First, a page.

There's an unintentionally auto-critical scene early in Last Vegas when Robert De Niro is brought face to face with the thrusting crotch of the boorish MC at a bikini contest that the film's protagonists are inexplicably judging. De Niro's expression is fascinating, waves of weariness and indifference flowing across his iconic mug in what suggests a meta commentary on this tragic career phase in the actor's career and, simultaneously, a genuine reaction on his part to the numbing effect of having to appear in another cynical squirt of pre-fab studio entertainment. In a film built around the predictable beats of a crass formula, it's one of few moments that engender real emotion in the viewer, even if said emotion is disgust, sadness, and embarrassment by proxy.
De Niro, Morgan Freeman, Kevin Kline, and Michael Douglas play a group of childhood friends now stuck in various stages of emotional or physical decrepitude. Paddy (De Niro) is a lonely widower moping around an apartment festooned with photographs of his dead wife. Archie (Freeman), having just survived a stroke, is treated like a child by his over-protective son. Sam (Kline) mourns the dimming of his much-vaunted “inner spark,” failing to appreciate his cushy Florida retirement and loving marriage. And when the fourth member of their crew, millionaire arrested-development case Billy (Douglas), decides to get married to a much younger woman, they all figure that their collective man-mojo may best be revived by a bachelor party in the city where hope goes to die.
Despite its obvious comparisons to The Hangover, Last Vegas possesses none of that film's distinctive aesthetic or scattered moments of subversion, and the appearance of Jerry Ferrara as the senior wolfpack's hapless fixer only cements the realization that what it resembles more than anything else is late-period Entourage. It's flat and workmanlike in its visual technique, toothless in its juvenile attempts at transgression, and leans heavily on the appeal of famous faces to make its regurgitation of smugly phallocentric humor a little more palatable. De Niro, Freeman, and Douglas phone in versions of characters—or, rather, shticks—they've been trotting out for years, but Kline is lively enough, his enduring charm undimmed by the cringe-worthy dialogue he's forced to deliver, and Mary Steenburgen is luminous in an underwritten role that sets her up as the shiny object that rekindles past tensions between Paddy and Billy.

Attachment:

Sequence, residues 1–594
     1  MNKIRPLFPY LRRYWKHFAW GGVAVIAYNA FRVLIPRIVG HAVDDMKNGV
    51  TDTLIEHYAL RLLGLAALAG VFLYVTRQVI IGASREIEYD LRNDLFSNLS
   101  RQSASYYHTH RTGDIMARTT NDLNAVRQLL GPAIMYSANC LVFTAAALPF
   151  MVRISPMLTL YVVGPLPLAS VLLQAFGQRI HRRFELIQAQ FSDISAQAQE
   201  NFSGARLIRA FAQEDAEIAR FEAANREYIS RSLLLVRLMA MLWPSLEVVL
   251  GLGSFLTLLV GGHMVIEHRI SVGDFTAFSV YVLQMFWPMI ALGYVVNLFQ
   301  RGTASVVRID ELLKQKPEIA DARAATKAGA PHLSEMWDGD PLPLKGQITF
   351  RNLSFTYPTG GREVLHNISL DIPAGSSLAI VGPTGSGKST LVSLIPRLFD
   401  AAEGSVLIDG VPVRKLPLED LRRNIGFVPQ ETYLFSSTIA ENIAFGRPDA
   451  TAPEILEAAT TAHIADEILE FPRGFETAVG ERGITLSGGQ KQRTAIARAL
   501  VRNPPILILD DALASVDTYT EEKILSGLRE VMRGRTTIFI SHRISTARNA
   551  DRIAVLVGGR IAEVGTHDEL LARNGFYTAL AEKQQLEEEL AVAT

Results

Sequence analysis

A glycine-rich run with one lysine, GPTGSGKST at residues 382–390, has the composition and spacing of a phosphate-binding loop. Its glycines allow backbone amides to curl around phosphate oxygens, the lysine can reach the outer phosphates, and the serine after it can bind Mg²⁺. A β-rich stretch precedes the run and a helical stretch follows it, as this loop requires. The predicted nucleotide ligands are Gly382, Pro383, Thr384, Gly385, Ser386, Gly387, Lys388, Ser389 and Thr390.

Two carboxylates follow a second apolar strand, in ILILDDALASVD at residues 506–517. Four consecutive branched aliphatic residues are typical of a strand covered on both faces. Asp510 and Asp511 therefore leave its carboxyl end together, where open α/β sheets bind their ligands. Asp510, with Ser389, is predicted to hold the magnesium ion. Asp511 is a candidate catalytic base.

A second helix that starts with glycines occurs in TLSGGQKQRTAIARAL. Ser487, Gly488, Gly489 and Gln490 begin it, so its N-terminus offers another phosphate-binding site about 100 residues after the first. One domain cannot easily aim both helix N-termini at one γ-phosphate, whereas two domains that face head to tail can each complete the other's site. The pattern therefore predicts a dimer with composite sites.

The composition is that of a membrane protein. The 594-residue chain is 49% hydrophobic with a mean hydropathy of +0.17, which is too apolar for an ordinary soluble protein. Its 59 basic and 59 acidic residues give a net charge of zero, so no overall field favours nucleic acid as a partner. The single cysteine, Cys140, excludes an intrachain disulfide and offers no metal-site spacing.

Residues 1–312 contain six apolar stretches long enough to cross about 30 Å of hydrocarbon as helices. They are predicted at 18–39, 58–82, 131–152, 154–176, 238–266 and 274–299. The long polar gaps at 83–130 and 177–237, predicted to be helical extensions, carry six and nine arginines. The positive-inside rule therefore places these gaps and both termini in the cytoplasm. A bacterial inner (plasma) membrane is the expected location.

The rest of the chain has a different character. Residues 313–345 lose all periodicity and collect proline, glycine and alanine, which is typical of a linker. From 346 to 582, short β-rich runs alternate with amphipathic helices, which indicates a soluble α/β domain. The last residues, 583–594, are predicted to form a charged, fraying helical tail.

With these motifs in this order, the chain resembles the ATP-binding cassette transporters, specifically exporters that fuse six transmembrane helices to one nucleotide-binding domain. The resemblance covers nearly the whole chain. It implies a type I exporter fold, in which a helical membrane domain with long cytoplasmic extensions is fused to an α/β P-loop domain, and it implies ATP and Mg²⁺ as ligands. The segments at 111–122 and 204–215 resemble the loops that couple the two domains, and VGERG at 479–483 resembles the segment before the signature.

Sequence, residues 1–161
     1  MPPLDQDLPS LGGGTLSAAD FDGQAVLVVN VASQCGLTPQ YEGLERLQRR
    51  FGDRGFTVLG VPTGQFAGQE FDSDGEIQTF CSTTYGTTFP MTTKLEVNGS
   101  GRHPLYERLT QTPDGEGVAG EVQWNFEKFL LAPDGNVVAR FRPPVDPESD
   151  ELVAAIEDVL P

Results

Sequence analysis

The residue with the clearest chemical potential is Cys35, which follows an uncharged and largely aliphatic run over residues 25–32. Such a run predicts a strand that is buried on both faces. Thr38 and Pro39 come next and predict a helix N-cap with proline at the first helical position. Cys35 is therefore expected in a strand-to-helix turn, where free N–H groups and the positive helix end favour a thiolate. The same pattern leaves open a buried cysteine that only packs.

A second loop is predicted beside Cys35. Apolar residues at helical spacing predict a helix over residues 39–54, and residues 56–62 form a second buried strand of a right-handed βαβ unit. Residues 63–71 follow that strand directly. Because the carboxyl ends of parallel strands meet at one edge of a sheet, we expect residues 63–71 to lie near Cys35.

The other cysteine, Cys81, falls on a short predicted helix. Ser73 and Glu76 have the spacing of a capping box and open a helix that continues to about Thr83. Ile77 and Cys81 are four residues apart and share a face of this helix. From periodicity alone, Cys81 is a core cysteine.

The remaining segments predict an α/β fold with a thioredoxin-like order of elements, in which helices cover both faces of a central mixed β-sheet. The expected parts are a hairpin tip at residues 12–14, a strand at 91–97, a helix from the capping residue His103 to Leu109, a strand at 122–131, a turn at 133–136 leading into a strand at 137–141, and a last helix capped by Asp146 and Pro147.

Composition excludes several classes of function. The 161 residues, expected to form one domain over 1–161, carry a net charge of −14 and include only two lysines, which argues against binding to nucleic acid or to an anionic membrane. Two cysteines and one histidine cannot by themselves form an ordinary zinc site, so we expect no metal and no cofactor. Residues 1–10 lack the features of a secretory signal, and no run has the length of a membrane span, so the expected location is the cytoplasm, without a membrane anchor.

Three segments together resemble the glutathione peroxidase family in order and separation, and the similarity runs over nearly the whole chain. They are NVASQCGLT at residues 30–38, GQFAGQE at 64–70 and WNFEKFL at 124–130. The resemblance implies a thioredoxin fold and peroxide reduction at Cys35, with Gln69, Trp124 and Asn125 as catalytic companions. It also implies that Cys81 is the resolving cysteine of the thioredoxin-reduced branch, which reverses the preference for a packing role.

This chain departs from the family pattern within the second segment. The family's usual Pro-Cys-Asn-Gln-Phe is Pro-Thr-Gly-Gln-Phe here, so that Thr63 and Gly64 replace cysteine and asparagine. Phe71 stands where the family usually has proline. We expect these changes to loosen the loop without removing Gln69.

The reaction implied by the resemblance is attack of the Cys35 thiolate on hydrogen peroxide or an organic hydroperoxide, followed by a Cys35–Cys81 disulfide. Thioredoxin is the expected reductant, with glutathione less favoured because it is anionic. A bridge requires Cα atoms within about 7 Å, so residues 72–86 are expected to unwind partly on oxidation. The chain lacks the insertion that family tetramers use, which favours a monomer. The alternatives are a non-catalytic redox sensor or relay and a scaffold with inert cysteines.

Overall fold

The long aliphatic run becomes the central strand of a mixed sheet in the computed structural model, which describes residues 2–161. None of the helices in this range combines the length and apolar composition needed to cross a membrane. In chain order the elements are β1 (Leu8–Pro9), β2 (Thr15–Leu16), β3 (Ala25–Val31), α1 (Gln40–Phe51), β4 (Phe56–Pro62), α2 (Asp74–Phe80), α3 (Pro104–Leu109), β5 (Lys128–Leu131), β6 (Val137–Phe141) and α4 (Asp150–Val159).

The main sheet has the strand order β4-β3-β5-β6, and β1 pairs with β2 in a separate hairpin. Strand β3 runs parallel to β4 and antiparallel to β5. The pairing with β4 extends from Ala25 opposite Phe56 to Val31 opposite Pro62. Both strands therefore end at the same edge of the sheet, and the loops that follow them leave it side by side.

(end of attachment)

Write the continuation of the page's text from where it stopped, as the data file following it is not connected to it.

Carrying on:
Last Vegas is depressing, sub-sitcom fodder that will dull whatever affection you may still harbor for these legendary actors. What legitimate dramatic potential remains in the oft-told story of old men seeking to recapture their lost joie de vivre in the face of encroaching mortality is repackaged into pat, easy lessons about appreciating what you have and seizing the day. This mawkish Hallmark wisdom is cloaked in a glittering aura of hedonism clearly intended to attract younger audiences, offering up the clichéd pop-cultural conception of Vegas as an onanistic post-pubescent fantasy of sex, drugs, and freedom where anyone can score a beautiful young date if they “ask instead of tell.” Women—idealized or otherwise—are little more than pawns to be moved around in a world where loyalty to one's friends is the only ethical consideration. The film's entire philosophy can be summed up in a scene where Sam, about to have sex with a nubile young woman, realizes that he loves his wife and can't go through with the indiscretion after all. The girl's eyes shine with new-found respect for the exemplary moral code of this old married man with his pants around his ankles and his condom ready for deployment. Not content with leaving this already distasteful sequence where it is, screenwriter Dan Fogelman adds insult to injury with a final one-liner for Kline: “Can I get a blowjob instead?” Boys will be boys!